In the early morning of April 3, 2016, in clear weather conditions, an Amtrak locomotive engineered by 47-year-old Alex Hunter slammed into a backhoe on the tracks, killing two veteran Amtrak employees. There were 341 passengers and 7 crew-members aboard Train 89 traveling from New York City to Savannah. Among the passengers, 35 were transported to local hospitals in Chester, PA with non-life-threatening injuries.
According to a National Transportation Safety Board (NTSB) report released the other week, Train 89 was traveling at 106 mph — within the track speed of 110 mph — but by the time Hunter applied the emergency brake, and laid on his whistle six seconds prior to the crash, it was on a collision course with the backhoe and the two Amtrak workers operating it. Hunter then laid flat on the floor of his locomotive as it lifted off the tracks. Miraculously, none of the passenger cars came off the track.
In accordance with Federal Railroad Administration (FRA) regulations, all members of the Amtrak crew provided blood and urine specimens for post-accident toxicological testing. Hunter's samples returned positive results for cannabinoids and opioids, according to the NTSB report.
NTSB post-accident interviews with an Amtrak foreman indicated that a miscommunication between the night and day foremen resulted in Train 89's failure to take note of the backhoe stationed on Track 3 where the accident occurred.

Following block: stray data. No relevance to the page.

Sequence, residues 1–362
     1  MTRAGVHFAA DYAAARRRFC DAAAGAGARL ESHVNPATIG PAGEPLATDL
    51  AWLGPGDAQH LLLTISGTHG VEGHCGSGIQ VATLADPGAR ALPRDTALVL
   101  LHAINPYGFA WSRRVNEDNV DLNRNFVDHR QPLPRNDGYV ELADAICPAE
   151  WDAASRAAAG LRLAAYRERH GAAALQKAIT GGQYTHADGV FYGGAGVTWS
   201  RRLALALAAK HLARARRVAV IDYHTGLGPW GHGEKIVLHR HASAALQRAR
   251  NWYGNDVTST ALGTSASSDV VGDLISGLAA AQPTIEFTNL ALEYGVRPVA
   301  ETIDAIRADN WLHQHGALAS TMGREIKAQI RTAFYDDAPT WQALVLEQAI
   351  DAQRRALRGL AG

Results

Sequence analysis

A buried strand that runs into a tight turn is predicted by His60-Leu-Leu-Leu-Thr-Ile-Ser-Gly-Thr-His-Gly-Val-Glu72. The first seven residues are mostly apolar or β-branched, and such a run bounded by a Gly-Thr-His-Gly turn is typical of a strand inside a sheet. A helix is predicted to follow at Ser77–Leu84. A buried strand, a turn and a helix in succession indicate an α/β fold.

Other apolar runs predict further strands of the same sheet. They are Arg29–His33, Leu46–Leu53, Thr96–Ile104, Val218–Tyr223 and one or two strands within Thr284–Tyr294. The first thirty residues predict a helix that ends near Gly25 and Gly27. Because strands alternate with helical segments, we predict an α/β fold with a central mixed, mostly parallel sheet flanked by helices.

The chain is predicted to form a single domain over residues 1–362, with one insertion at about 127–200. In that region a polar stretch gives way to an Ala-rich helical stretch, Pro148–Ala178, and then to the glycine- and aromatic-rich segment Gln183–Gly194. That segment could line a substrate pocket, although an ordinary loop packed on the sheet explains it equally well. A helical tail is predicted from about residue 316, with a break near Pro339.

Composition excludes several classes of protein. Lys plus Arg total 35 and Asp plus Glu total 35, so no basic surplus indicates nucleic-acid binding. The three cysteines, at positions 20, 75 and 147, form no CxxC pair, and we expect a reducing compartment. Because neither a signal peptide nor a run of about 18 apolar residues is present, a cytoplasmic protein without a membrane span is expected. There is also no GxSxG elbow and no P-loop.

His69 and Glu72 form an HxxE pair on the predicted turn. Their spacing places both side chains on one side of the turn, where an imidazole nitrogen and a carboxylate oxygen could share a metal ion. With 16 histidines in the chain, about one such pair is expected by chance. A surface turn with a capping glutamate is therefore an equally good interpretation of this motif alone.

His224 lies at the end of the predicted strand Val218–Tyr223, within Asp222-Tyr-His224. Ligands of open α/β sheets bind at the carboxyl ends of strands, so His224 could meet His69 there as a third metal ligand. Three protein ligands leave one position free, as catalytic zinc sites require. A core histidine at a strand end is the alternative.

Months after the fatal Philadelphia train crash last year, the Federal Railroad Administration (FRA) finalized a proposal to require all maintenance-of-way workers to undergo the same random and post-incident drug and alcohol testing as train crew members.
The Washington Post reported in September 2016 that the number of railroad workers involved in accidents who tested positive for drug use had dramatically increased in 2016, with nearly 8 percent of workers involved in rail accidents were positive for drug use, including marijuana and various other illegal and impairing effect drugs. The Post noted that the number of post-accident drug-positives was the highest since the FRA began keeping records in 1987.
Note from the Editor: This deadly crash is a stark reminder to all regulated and non-regulated employers how important it is to stand firm against marijuana in your workplace. Click below to access a free recording of Tommy Eden's recent webinar presentation: